1. Omissions in the DR plan are a common problem. Templates and checklists can help identify such gaps with respect to, for example, the recovery team organization, emergency contacts, activation procedures, tiering of applications, source-to-backup mapping, application dependencies, recovery of critical suppliers and return- home guidelines for reestablishing normal operation after the disaster.
  2. DR testing is another area of common shortcomings. Specifically, it is important for testing to follow a structured project plan that comprehensively covers all DR functions. Testing must also manage the business risk that tests may fail (leaving applications unavailable) or that application and infrastructure dependencies may trigger unexpected ripple-through effects that impact other parts of the business.
  3. Some DR organizations have grown organically. In such organizations, it is common that DR-related roles are not defined and assigned formally, but rather employees fill in for DR-related tasks as needed. Communication paths and decision rights also tend to be implicit, unnecessarily lengthy and sometimes convoluted. Clearly, such organic structures have a negative impact on the effectiveness and efficiency of all management processes, and addressing them should be a priority.

A more technical and in-depth assessment of DR management would include a review of the available backup capacity, technology choices (e.g., use of virtualization), and completeness and correctness of dependency maps.

Assessing Technical Operations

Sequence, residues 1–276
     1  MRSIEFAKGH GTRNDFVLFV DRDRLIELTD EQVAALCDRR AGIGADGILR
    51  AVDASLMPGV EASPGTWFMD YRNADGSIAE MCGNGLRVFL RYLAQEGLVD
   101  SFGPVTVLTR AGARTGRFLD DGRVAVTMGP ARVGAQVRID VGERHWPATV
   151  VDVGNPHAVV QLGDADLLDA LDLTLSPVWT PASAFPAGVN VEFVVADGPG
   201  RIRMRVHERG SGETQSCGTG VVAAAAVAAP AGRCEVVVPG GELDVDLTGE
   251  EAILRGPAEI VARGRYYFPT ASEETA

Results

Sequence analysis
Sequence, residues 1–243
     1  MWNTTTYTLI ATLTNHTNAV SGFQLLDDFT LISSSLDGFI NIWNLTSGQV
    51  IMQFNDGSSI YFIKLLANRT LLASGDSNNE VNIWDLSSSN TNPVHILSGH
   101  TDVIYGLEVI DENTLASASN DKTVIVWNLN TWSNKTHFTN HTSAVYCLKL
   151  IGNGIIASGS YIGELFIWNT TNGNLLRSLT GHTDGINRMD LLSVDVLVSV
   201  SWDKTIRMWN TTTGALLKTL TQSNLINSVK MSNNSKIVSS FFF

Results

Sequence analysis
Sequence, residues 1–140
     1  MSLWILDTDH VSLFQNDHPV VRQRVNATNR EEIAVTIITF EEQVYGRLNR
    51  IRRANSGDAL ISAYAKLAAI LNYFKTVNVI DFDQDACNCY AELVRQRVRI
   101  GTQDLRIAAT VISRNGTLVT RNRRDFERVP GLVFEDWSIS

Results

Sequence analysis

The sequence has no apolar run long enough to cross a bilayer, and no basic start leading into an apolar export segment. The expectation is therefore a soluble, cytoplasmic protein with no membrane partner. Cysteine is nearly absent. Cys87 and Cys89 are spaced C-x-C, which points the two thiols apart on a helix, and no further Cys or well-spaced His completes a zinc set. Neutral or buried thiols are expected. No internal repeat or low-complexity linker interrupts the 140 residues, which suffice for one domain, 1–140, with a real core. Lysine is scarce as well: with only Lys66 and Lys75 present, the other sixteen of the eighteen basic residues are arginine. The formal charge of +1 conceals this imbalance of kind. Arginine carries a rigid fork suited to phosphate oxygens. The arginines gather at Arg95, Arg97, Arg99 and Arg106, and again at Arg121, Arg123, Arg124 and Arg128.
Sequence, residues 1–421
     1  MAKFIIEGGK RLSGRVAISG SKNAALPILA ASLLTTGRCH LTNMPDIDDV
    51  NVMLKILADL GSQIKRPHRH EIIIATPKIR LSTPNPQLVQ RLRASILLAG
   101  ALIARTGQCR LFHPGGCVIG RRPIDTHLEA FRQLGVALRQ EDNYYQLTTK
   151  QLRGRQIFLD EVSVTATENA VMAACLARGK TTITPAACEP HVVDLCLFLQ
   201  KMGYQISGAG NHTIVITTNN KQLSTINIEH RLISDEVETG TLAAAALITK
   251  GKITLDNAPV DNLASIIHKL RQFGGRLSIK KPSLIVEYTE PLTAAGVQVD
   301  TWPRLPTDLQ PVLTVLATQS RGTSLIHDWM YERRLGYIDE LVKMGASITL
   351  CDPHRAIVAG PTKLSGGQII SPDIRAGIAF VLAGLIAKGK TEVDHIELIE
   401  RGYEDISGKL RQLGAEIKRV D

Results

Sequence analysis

While management may be the most challenging aspect of the framework, the operations of technology and infrastructure may be the most straightforward, provided that one has addressed the other two aspects of the framework. Determining whether the backup, restoration and recovery strategies are implemented, managed and maintained in accordance with management’s directive is relatively black and white. The most common shortcomings encountered here are misconfigurations and omissions of all kinds, including:

  • Insufficient equipment or capacity at backup sites
  • Failure to recover foundational services such as Domain Name System (DNS) or directory services
  • Inaccurate configuration files, asset inventories, contact data, chain-of-command information or recovery sequences
  • Understaffing or lack of DR training

Assessing Outsourcing Relationships

It has become common to outsource IT operations. As figure 2 shows, this also affects the DR program.

Figure 2

Roles and Responsibilities
As illustrated, the bottom tier (i.e., the technical operation of the DR infrastructure) becomes the sole responsibility of the outsourcing provider. Management is largely the provider’s responsibility, but the client retains certain management rights in, for example, the planning and execution of DR tests or the execution of audits. These management rights depend, however, on DR governance, which is split into client-side, provider-side and shared governance. The shared governance is partially defined by the outsourcing contract and service level agreements (SLAs) and partially left open based on implicit agreements.

An assessment of the technical operations, the client-side governance or the provider-side governance can be done according to the framework outlined previously.

Assessing Shared Governance and Management Processes
Assessments of shared governance and management are more complex, as they involve two parties: the client and the provider. The Achilles heel of such assessments is always the outsourcing contract, which can leave too many issues unspecified and subject to implicit agreements. In extreme cases, the outsourcing contract may not even authorize the client to audit or assess the provider’s DR program. The most visible symptoms of outsourcing relationships that rely too much on implicit agreements rather than contracts and SLAs are dissatisfied clients, poor DR performance and burdened client/provider relationships.